It’s somewhat challenging, and it’s quite harrowing, and it really is quite unnerving to think about this. Let me give to you a couple of the other Psalms, because the description here in Psalm 32 pales in comparison to the description, for example, of his predicament as he gives it in Psalm 38. Turn to Psalm 38 for just a moment. And don’t lose the point that we are considering here—namely, the physical impact of remorse, the physical impact of being deceitful to ourselves and God about sin in our lives.

Psalm 38. He says,

O Lord, do not rebuke me in your anger
 or discipline me in your wrath.
For your arrows have pierced me,
 … your hand has come down upon me.

It’s the same sort of thing as there in verse 4, isn’t it? “For day and night your hand was heavy upon me.”

Because of your wrath there[’s] no health in my body;
 my bones have no soundness because of my sin.
My guilt has overwhelmed me
 like a burden too heavy to bear.

My wounds fester and are loathsome
 because of my sinful folly.
I am bowed down and brought very low;
 all day long I go about mourning.
My back is filled with searing pain;
 there[’s] no health in my body.
I am feeble and utterly crushed;
 I groan in anguish of heart.

All my longings lie open before you, O Lord;
 my sighing is[n’t] hidden from you.
My heart pounds…

You ever heard people tell you about how they have this irregular heartbeat, and it begins to race? Not in every case, but one of the things that brings it on is described right here:

My heart pounds, my strength fails me;
 even the light has gone from my eyes.
[And the] friends [I used to have] and [my] companions[, they] avoid me[, and they avoid me] because of my wounds;
 [and] my neighbors[, they cross to the other side of the street and] stay far away.
[And] those who seek my life set their traps,
 those who would harm me [just] talk [about] my ruin;
 [and] all day long they plot deception.

I[’m] like a deaf man, who cannot hear,
 like a mute, who can[’t] open his mouth;
I[’ve] become like a man who does[n’t] hear,
 whose mouth can offer no reply.
I wait for you, O Lord;
 you will answer, O Lord my God.
For I said, “Do[n’t] let them gloat
 or exalt themselves over me when my foot slips.”

For I am about to fall,
 and my pain is ever with me.[1]

What a description. What an unbelievable description!

You may never have read Psalm 38, or you may never have read it with that thought in mind. What thought in mind? Well, you cannot avoid the because, can you? You can’t avoid the becauses. “Because of your wrath,” verse 3, “there[’s] no health in my body; my bones have no soundness because of my sin.” “My wounds fester,” verse 5, “and are loathsome because of my sinful folly.” There’s no attempt on the part of this individual to sidestep the issue, no attempt of him to externalize the guilt, no endeavor on his behalf to sequester to himself some free zone whereby he is absolved of all and any responsibility. No, the cause and effect are clear.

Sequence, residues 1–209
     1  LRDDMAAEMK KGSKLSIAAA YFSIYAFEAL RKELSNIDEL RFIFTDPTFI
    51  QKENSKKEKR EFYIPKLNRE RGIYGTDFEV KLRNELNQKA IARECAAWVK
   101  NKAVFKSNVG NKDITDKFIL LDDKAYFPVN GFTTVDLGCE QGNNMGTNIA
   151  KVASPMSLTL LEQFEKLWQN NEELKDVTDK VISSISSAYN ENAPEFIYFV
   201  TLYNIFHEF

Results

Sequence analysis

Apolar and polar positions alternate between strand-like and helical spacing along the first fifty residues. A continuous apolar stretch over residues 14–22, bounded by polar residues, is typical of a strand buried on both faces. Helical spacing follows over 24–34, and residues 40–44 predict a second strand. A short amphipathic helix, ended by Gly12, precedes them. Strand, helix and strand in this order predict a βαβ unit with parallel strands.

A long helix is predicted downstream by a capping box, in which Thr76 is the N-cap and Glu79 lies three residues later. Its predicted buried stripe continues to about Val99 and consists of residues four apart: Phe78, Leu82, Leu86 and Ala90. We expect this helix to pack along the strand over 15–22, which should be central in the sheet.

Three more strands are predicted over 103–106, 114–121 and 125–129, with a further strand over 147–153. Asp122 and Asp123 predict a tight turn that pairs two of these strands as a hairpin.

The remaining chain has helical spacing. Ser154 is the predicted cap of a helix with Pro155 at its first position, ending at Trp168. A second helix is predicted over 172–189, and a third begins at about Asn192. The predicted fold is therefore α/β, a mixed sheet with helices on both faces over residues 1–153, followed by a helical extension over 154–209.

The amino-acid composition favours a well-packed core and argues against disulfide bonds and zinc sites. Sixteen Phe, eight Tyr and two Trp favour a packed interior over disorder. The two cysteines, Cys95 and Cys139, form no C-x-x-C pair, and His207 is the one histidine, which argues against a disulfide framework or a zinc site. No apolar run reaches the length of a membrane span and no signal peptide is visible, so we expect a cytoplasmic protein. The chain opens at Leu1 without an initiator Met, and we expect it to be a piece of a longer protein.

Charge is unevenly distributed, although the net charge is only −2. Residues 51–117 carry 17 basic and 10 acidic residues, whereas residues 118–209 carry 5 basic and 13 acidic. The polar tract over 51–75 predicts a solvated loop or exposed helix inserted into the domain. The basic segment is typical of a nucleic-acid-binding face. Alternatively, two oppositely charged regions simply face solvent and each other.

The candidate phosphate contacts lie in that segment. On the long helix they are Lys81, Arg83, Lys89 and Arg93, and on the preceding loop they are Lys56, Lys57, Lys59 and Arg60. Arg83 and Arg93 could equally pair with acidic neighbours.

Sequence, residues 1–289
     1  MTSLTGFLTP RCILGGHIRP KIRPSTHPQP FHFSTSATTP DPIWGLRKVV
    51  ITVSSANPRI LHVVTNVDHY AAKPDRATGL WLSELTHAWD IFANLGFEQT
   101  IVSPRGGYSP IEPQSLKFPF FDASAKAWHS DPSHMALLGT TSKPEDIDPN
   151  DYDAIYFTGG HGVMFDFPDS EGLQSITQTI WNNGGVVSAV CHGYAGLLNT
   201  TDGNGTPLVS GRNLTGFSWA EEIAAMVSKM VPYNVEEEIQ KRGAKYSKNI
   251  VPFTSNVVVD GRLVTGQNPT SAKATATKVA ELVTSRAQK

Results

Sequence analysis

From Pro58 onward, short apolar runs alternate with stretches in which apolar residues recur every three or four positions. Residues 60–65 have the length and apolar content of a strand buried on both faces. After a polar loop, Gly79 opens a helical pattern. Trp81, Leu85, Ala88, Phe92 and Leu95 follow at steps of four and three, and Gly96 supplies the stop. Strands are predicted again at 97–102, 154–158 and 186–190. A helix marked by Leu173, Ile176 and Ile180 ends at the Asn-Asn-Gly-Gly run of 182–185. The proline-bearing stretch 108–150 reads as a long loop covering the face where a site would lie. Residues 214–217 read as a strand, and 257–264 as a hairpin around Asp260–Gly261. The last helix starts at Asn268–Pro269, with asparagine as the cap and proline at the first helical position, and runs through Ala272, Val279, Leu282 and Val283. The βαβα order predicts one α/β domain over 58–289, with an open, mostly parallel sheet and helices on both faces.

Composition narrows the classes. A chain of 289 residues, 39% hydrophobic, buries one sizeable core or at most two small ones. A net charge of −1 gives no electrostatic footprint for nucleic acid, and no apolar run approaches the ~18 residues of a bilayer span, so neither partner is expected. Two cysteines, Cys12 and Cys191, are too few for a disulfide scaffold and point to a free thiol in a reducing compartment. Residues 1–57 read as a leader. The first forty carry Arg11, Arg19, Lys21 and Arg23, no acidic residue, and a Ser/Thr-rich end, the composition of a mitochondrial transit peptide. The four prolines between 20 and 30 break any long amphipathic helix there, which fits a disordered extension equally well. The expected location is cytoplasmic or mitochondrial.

Says Kidner, in one of his just wonderfully pithy little sentences, he says, “It would be as wrong to think that this is never so, as that it is always so.”[2] Remember when the disciples came and said, “Who sinned, this man or his parents, that he was born blind?” And Jesus said, “You’re wrong on both counts. Neither his parents nor him, but this happened to him in order that God might be glorified through him.”[3] That’s chapter 9. But in chapter 5, for the man who is healed, do you remember what he says to him as a parting shot? He says, “Get out of here and stop sinning or something worse might happen to you!”[4] No, Kidner’s right. It would be as wrong to think that this is always the case as to think that it is never the case.

David’s condition was a punishment. The Bible makes it clear that there is a natural outcome to lust and to excess. There is a natural outcome to it. We don’t like to mention this, we don’t like to talk about it, it’s politically incorrect, it gets people’s fur up on the back of their neck; the fur flies and they become resentful. But in actual fact, it is a liberating and wonderful truth. You have it in Romans chapter 1. Again, here’s a statement that no one really likes to trot out, do they? After we noted this morning in Romans chapter 1 that God gave men over to the sinful desires of their hearts, what does he say in verse 24? He “gave them over in the sinful desires of their hearts to sexual impurity.” Why is there rampant sexual impurity in America? Because of the judgment of God. The judgment of God. God gave them over to it. Said, “You don’t believe in me? You don’t love me? You don’t worship the God and Father of the Lord Jesus Christ? You want to live without me? Let me show you how it works.”

Verse 25: “They exchanged the truth of God for a lie.” Deceit, remember? You can’t be happy when you’re a liar. “And [they] worshipped and served created things rather than the Creator—who is [always] praised.” Twenty-six, here comes the because: “Because of this, God gave them over to shameful lusts. Even their women exchanged natural relations for unnatural ones. In the same way the men also abandoned natural relations with women and were inflamed with lust for one another. Men committed indecent acts with other men, and received”—notice—“and received in themselves the due penalty for their perversion.”

Now, you don’t have to be beyond sixth grade to understand what’s being said there: that there is a direct cause and effect in terms of lust and excess and a disregard for the commands of God. Paul does not elucidate what this penalty was, but all he tells us is that the penalty was received “in themselves.” In themselves. So there was some physical implication to their deceitful turning from the clear instruction of God.